Apr. 11, 2013

How Can Hedge Fund Managers Use Advisory Committees to Manage Conflicts of Interest and Mitigate Operational Risks? (Part One of Two)

Hedge fund managers often launch onshore and offshore versions of funds following substantially similar investment strategies.  Funds in different jurisdictions are intended to be different in some ways and similar in other ways.  They are intended to be different in terms of tax and regulation because different investors are subject to different tax and regulatory regimes.  (For example, U.S. tax-exempt entities often invest in offshore hedge funds to, among other things, avoid paying tax on Unrelated Business Taxable Income.)  They are typically intended to be similar in terms of strategy and performance, particularly where the onshore and offshore funds are feeders in a master-feeder or similar structure.  See “Hedge Fund Managers Using ‘Mini-Master Funds’ to Retain Favorable Tax Treatment of Performance-Based Revenue from Offshore Funds,” Hedge Fund Law Report, Vol. 2, No. 22 (Jun. 3, 2009).  Notably, onshore and offshore funds are intended to be similar in terms of fund governance.  However, the different structures typically used for onshore and offshore funds inhibit the similarity of governance across jurisdictions, at least structurally.  Many onshore funds are structured as limited partnerships, with no explicit governing body, and many offshore funds are structured as corporations, with a board of directors.  Experience and caselaw have highlighted shortcomings in the fund director model as it is often deployed.  See “The Cayman Islands Weavering Decision One Year Later: Reflections by Weavering’s Counsel and One of the Joint Liquidators,” Hedge Fund Law Report, Vol. 5, No. 36 (Sep. 20, 2012); “The Case in Favor of Focused, Experienced and Independent Hedge Fund Directors,” Hedge Fund Law Report, Vol. 4, No. 3 (Jan. 21, 2011).  Nonetheless, a growing chorus of institutional investors has highlighted the asymmetry in governing structures in the course of due diligence – focusing in particular on the absence of a board of directors of domestic hedge funds.  In response to the expressed concerns of institutional investors on this topic, hedge fund managers have started to explore – and in some cases, to implement – advisory committees.  Part of the purpose of such committees is to serve as a proxy board of directors for domestic funds.  But they do more than that for domestic funds, and also provide services to offshore funds.  They are an important, yet insufficiently understood, innovation in the relationship between hedge fund managers and investors.  To shed much-needed light on this innovation, the Hedge Fund Law Report is publishing this two-part series designed to help hedge fund managers and investors understand the reasons for and mechanics of establishing an advisory committee.  This first installment addresses what advisory committees are; their principal functions; how they are different from offshore fund boards of directors; how much authority advisory committees typically have; and the principal benefits and drawbacks of organizing and operating advisory committees.  The second installment will discuss what types of funds should organize advisory committees; the process of organizing an advisory committee (including determining the committee’s composition); the operation of advisory committees; benefits and drawbacks of serving as an advisory committee member; and liability and indemnity protections afforded to members of an advisory committee.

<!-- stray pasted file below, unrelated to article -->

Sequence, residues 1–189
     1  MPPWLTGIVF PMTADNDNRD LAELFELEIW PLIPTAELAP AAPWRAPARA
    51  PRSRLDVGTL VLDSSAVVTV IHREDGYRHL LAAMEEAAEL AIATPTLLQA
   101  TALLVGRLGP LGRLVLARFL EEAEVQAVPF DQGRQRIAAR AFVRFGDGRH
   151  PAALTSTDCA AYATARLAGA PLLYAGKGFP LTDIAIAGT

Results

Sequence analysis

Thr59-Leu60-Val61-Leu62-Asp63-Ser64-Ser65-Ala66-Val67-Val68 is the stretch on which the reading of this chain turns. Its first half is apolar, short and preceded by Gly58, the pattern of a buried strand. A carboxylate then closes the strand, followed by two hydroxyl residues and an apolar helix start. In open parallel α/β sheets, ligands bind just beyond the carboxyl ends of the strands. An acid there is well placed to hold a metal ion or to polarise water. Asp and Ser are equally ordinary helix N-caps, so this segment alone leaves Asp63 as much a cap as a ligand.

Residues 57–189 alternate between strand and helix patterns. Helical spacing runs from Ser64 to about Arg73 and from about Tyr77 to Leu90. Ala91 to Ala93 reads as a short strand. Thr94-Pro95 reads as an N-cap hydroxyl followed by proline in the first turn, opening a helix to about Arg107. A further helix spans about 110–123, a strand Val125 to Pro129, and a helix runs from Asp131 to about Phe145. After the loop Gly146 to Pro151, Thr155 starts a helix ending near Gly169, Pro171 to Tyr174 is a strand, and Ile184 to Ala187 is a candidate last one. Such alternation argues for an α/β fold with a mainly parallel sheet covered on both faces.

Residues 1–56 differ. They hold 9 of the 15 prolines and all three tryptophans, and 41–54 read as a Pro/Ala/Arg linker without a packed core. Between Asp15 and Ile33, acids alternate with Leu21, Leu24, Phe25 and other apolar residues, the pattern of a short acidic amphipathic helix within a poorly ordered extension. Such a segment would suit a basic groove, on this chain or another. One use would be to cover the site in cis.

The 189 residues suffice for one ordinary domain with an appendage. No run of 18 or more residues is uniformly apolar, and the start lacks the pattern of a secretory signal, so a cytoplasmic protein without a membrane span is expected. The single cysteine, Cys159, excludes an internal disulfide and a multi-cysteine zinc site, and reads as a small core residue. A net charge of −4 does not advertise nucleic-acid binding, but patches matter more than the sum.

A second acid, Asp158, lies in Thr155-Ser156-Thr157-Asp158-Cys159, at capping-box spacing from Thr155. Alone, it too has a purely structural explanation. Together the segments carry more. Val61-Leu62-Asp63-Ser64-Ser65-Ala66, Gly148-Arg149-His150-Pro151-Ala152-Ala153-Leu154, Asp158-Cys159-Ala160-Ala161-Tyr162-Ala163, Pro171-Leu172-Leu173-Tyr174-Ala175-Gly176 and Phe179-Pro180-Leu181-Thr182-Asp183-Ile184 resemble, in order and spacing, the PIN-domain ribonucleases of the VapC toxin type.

O’Melveny & Myers Partners Dean Collins and James Ford Discuss the Rationale, Mechanics and Common Terms for Secondary Market Sales of Private Equity Fund Interests

Fund documents generally require private equity fund investors to hold investments for a period ranging anywhere from ten to fourteen years.  However, in the course of that time, many developments can alter a fund investor’s desire to hold onto a private equity fund investment, for example, a change in the investor’s financial condition or significant regulatory reforms.  At the same time, prospective buyers, seeing an opportunity to purchase an attractive private equity fund interest, perhaps at a discount, help create the secondary market for transactions in such fund interests.  As the secondary market for private equity fund interests has evolved, it has grown more robust and well-defined.  To help prospective sellers and buyers understand this market and transactions in fund interests, the Hedge Fund Law Report recently interviewed Dean Collins and James Ford, partners in O’Melveny & Myers LLP’s Singapore and Hong Kong offices, respectively, each of which has wide-ranging expertise in private equity fund formation, secondary transactions and investments.  Our interview with Collins and Ford covered, among other topics: reasons for selling private equity fund interests; channels through which buyers and sellers indicate interest in such transactions; due diligence challenges for prospective buyers; trends in pricing of such transactions; the impact of regulations on the secondary market; steps in the sale of private equity fund interests; risks fund sponsors consider when evaluating whether to consent to such transactions; key transaction documents and negotiating points for such transactions; challenges in negotiating transaction documents; and fund sponsor buybacks of fund interests.  On legal considerations in connection with sponsor buybacks and other principal transactions, see “When and How Can Hedge Fund Managers Engage in Transactions with Their Hedge Funds?,” Hedge Fund Law Report, Vol. 4, No. 45 (Dec. 15, 2011).

SEI Study Offers a Reality Check to Hedge Fund Managers on What Actually Works When Marketing to Institutional Investors